Monday, October 31, 2011
Guys - you all know what I’m talking about. You are at a table in a public place. It could be in a food court in a mall. It could be in a rotating restaurant atop a skyscraper. You are having a conversation with a woman you would like to know better. She swirls the ice in her lemonade. Or maybe she licks the salt off her margarita. Then she excuses herself to powder her nose. Typically, one or more friends accompany her.
When she returns to the table, the tenor of the conversation radically changes. She may casually drop the fact that she has a boyfriend. She may allude to a recent outbreak of leprosy at her workplace. The verdict is in. You have been weighed and measured and found wanting. The waitress in on it. “Abandon all hope,” reads the check she hands you.
Or it could go the other way. The potential love of your life (or considerably shorter) lets you know her favorite spot to watch the paint dry, which is your cue to respond with something like, “Why don’t we check it out?” You’ve passed the road test. The waitress who hands you the check is doing an end zone dance.
What just happened?
Here is what I only just found out about women’s rooms: An inner door opens into a spacious oak-paneled chamber. A panel of twelve women in judicial robes are seated around a mahogany board table. The woman you may or may not get a chance to know better (perhaps with one or more of her friends) takes a seat at a smaller table.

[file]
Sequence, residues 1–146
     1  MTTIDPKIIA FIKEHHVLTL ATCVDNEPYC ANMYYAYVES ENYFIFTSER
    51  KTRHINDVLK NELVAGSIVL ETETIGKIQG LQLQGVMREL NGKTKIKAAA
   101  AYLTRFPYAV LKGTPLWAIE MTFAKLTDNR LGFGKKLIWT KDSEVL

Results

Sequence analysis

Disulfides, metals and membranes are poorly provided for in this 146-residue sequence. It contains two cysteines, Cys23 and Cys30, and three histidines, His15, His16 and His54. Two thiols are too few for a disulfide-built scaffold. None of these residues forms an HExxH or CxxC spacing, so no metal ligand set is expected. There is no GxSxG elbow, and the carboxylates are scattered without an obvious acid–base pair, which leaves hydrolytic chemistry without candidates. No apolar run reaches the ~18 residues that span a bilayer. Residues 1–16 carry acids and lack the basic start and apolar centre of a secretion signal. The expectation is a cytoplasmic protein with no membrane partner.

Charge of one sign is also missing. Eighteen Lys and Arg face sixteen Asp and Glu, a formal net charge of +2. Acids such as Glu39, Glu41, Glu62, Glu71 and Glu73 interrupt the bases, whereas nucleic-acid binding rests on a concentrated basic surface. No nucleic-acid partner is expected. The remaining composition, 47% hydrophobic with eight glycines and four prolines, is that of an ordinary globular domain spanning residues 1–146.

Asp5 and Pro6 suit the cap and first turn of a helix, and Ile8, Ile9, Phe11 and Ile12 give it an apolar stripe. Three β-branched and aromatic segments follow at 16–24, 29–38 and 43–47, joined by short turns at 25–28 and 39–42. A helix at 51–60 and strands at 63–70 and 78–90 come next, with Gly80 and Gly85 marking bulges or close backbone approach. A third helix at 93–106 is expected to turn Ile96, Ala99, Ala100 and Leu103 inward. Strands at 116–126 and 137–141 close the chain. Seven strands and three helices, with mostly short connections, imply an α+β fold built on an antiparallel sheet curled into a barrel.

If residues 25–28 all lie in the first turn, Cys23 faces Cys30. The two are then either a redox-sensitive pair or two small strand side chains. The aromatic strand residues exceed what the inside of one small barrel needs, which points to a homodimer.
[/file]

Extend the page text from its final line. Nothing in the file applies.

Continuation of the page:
It doesn’t matter whether the venue is a trendy eatery on New York’s upper east side, a dive in Bakersfield, or a tea house in the Himalayan foothills. All inner chambers to women’s rooms are built to the exact same specifications. At all times, twelve women with the power to decide your fate are on duty. There are no exceptions.
The women jurists have observed everything via discreet monitors. The deliberations begin. Conversation is brief, judgment is summary. If there is any doubt, a wall panel slides open, revealing a ten-foot flat-screen monitor. The monitor is in a particular shade in the blue-violet spectrum for which they have yet to assign a lip-gloss name.
The monitor shimmers, slowly revealing three Jungian archetypal woman in some type of ancient Egyptian or Aztec or Inca gear. Or maybe they are Cher’s hand-me-downs. No one says anything, not the archetypal women, not the twelve jurists, not the woman (or her friends) seeking a ruling.
Finally, the chief archetypal woman - the one looking the most like Cher - signals the tribunal’s decision with “the look.” There is no room for misinterpretation. Everyone in the room gets it instantly.
In the case of a thumbs-down, three woman dressed as social workers emerge from a side door. Their job is to advise the woman petitioner on how to best carry out the verdict. The old “I just remembered I need to return a library book” trick?
If it’s a thumbs-up, a pit crew of makeover artists descends on the woman petitioner. A subtle shift in fabric this way or that way, a faint splash of scent, a slight application of color. Nothing a man would actually notice, but on some unconscious level would register in his brain as an actual “yes.”
It could be a conditional yes, a modified unconditional yes, or a mixed modified conditional/unconditional yes. The man, of course, has no way of figuring this out.
And there you are - poor guy - alone at the table, pretending to check messages on your phone, totally clueless, totally unaware.
Now you know. A lot of good it will do you.